• HIV/AIDS Prevention and Services

    The New School’s Student Health Services (SHS) provides several services and programs that can help prevent transmission and infection of HIV, the human immunodeficiency virus that can lead to acquired immunodeficiency syndrome, or AIDS. We also provide primary care and referrals for HIV treatment to optimize the health and wellness of people living with HIV/AIDS.

    All that SHS offers is grounded in harm reduction. With a non-judgmental, sex- and body-positive framework, we focus on reducing risk and supporting positive health changes. On-site, SHS offers harm reduction tools such as external and internal condoms, non-latex external condoms, lubricant, personal fitpacks for sharps disposals, and naloxone for opioid overdose prevention. To access any of these tools, please drop by SHS, email to request supplies, or call 212.229.1671 to make an appointment. 

    Services offered at SHS

  • HIV Testing and STD/STI Screening

    • HIV testing, as well as other STI testing, is provided in Medical Services by appointment. Appointments are available only to students who have paid the per-semester SHS fee. Insurance co-payments and deductibles may apply to testing of blood and urine samples sent to a commercial lab. There is no visit-based charge for visits to medical providers (or any staff) at Student Health Services.
    • In addition, during the academic year, free and confidential HIV and hepatitis C testing is offered through a partnership with the Lower East Side Harm Reduction Center (LESHRC). This testing is first-come, first-served. It is oral-based and results are obtained within 30 minutes; a reactive result will require a confirmatory blood-based test. The testing offered in partnership with LESHRC is open to all New School students as well as the greater NYC community. Feel free to bring a friend or partner to get tested, even if they are not a New School student.
    • If you are sexually active, part of your medical care should include HIV testing as well as screening for other sexually transmitted infections, such as chlamydia, syphilis, and gonorrhea.  

    PEP

    Post-exposure prophylaxis (PEP) can prevent HIV if you've been exposed to the virus. PEP is the use of antiretroviral drugs after a single high-risk event to stop HIV from making copies of itself and spreading through your body. PEP must be started as soon as possible to be effective, ideally within hours, and always within three (3) days of a possible exposure. Two to three drugs are usually prescribed, and they must be taken for 28 days.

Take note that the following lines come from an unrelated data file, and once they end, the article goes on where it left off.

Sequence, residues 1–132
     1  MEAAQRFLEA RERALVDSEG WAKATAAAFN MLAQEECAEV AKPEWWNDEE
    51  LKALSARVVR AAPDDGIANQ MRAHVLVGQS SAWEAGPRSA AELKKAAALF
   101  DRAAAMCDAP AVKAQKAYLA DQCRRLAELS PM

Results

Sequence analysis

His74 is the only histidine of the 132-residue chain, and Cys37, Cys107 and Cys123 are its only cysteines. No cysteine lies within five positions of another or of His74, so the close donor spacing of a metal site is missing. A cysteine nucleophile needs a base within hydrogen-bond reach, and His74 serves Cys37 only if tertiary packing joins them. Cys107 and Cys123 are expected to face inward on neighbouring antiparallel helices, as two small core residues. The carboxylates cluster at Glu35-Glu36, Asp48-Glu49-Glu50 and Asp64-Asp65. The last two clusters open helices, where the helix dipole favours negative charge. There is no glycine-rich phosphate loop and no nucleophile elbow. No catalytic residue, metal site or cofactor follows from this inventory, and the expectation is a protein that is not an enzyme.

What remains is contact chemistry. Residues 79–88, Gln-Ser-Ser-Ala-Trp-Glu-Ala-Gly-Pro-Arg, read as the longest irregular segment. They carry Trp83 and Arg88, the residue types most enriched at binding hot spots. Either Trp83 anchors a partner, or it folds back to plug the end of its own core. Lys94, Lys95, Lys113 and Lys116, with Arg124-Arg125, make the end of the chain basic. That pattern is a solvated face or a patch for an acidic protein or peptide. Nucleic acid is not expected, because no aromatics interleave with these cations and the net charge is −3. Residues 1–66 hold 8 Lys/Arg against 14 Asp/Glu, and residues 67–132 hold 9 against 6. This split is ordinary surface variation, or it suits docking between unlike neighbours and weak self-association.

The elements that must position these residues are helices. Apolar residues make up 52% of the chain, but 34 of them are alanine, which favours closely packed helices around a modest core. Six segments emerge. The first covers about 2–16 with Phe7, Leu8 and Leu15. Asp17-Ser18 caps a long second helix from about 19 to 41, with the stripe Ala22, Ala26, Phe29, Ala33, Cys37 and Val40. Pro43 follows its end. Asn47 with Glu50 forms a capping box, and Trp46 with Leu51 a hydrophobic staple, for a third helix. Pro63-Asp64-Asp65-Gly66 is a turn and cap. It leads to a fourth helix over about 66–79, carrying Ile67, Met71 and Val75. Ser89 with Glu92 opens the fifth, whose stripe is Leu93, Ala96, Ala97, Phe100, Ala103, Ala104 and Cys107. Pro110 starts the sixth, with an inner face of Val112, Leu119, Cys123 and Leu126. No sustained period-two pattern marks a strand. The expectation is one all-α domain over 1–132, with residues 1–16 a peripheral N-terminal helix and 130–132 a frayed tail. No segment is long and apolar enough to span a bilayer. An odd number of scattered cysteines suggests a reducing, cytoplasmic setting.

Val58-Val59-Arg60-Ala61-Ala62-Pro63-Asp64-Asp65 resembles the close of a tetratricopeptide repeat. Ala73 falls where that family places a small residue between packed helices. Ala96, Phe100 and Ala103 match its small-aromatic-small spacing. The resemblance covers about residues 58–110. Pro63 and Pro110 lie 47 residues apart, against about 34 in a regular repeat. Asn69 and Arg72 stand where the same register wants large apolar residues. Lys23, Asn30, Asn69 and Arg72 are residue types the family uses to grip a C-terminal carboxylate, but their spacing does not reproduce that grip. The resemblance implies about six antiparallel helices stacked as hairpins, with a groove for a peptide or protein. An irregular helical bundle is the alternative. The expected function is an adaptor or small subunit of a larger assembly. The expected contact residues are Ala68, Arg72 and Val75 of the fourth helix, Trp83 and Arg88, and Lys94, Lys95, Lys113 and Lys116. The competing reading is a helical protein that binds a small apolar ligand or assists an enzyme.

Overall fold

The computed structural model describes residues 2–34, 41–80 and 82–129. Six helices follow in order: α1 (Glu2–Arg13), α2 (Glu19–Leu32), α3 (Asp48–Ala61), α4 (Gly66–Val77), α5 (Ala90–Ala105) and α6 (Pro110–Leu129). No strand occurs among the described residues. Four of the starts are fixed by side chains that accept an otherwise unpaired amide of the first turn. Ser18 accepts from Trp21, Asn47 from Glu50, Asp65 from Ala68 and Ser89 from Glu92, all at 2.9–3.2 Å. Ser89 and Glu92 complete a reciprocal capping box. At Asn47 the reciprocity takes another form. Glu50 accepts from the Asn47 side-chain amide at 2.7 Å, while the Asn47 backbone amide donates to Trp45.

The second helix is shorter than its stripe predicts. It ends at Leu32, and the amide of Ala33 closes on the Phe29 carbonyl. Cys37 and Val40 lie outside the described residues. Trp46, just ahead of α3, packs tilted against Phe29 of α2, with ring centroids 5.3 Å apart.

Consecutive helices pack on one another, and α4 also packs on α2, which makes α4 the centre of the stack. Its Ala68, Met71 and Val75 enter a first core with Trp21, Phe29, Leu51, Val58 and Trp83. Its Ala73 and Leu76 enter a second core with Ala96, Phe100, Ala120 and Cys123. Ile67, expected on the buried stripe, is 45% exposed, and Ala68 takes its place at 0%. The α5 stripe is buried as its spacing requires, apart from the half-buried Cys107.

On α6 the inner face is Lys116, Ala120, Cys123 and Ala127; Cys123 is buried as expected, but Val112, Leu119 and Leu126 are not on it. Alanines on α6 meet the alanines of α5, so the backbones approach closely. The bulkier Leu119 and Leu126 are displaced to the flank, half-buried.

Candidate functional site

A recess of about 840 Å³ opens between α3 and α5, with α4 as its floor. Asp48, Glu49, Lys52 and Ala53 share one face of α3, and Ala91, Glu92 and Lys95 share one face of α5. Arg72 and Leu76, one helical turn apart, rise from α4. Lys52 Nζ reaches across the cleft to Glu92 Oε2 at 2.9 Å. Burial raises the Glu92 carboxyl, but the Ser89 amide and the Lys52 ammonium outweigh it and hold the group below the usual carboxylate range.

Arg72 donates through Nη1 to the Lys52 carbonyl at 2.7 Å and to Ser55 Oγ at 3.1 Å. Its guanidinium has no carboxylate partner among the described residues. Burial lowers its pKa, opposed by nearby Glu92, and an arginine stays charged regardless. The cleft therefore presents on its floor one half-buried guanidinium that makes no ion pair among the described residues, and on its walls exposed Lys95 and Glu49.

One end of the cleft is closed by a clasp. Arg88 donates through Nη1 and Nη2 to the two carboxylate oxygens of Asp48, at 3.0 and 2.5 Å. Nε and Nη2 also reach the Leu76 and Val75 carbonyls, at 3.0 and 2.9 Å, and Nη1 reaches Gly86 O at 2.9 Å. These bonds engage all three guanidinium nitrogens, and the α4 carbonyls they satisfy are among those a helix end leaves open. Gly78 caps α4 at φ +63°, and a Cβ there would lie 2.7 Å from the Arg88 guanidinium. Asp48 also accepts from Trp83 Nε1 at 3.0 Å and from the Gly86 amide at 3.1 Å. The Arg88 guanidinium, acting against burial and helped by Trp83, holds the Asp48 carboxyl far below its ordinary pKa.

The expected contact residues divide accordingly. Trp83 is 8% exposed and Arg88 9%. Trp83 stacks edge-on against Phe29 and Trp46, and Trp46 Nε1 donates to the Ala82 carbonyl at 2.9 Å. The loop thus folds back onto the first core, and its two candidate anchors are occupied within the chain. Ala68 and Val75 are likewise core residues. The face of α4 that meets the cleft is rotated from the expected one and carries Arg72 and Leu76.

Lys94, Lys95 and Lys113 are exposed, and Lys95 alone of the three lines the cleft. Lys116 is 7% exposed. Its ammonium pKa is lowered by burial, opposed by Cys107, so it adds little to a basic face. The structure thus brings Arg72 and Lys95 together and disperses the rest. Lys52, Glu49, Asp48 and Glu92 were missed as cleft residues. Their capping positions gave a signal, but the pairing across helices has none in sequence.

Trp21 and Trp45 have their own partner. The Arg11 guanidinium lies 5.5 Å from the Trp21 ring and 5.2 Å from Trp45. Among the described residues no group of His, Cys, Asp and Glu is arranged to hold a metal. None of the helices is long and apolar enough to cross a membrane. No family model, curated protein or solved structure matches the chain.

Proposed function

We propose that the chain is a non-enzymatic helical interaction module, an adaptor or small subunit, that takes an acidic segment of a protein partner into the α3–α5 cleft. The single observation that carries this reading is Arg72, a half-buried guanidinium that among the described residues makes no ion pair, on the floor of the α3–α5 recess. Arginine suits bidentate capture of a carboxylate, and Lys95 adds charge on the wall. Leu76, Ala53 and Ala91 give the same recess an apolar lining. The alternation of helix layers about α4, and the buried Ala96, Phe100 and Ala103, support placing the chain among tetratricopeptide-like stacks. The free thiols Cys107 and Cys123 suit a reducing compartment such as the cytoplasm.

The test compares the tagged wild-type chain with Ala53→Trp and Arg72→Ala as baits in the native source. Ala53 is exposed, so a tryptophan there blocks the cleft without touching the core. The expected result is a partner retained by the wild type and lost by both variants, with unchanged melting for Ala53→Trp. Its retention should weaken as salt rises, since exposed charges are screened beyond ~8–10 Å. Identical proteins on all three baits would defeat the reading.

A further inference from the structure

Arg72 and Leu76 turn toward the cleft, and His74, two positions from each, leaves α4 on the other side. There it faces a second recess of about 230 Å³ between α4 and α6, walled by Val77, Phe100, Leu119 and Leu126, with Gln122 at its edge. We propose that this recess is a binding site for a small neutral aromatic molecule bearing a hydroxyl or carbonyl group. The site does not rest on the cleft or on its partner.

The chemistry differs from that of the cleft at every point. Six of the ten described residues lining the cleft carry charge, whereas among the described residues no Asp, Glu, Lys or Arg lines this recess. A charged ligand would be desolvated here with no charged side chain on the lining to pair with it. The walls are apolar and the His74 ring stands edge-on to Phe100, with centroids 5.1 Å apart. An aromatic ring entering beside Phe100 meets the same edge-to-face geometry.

If you think you may have been exposed to HIV very recently, see a doctor as soon as possible! PEP is offered at Student Health Services for all students on a walk-in basis. In addition, you can also access community resources for PEP.

    PrEP

    The goal of Pre-Exposure Prophylaxis (PrEP) is to prevent HIV infection from taking hold if you are exposed to the virus. It's prescribed for people who are at higher risk of coming into contact with HIV. Higher risk activities include having regular, unprotected sex with partners of unknown status, and sharing needles.

    The two medications currently approved for PrEP therapy are Truvada and Descovy. Both are combinations of two HIV drugs in a single pill. When taken every day, PrEP can provide a high level of protection against HIV. When using PrEP, you should continue to practice radical consent and use other harm reduction tools—like condoms, dental dams and lube, which can prevent other sexually transmitted infections.

    PrEP is offered at Student Health Services and requires an initial consultation as well as ongoing care with the Medical Services team. In addition, you can access community resources for PrEP.

    Antiretroviral Therapy (ART)

    Student Health Services provides referrals for Antiretroviral Therapy (ART), which consists of the combination of at least three (3) antiretroviral (ARV) drugs to maximally suppress the HIV virus and stop the progression of HIV disease. No drug can cure HIV. Taking a combination of different medications does the best job of controlling the amount of virus in your body and protecting your immune system.

    Your medical provider will take many things into account when considering which HIV medications to prescribe for you. These will include your preferences (number of pills, once a day versus twice, etc.), the general state of your health (including your CD4 count), possible side effects, and your medical and psychiatric histories.

    Talking to Sexual Partners about STIs and STDs

    STIs and STDs are quite common—they are part of a sexual life. This doesn’t mean people who have them should be shamed, stigmatized, or stop having sex. You can reduce harm by knowing and sharing your status with your sexual partners, and by asking your sexual partners to learn and share their status. The dialogue around STIs and STDs is important because having one can increase your chances of getting HIV. For example, having a sore or break in the skin from an STI/STD may allow HIV to more easily enter your body. 
    Some ideas for talking about STIs/STDs include:

    1. Don’t assume anyone’s status.
    2. Talk as if somebody with an STI/STD is listening.
    3. Avoid the words suffer, clean, and dirty. These words have loaded meanings.
    4. Practice what you will say. Practice is part of the disclosure and consent process.

    Local and Online Resources

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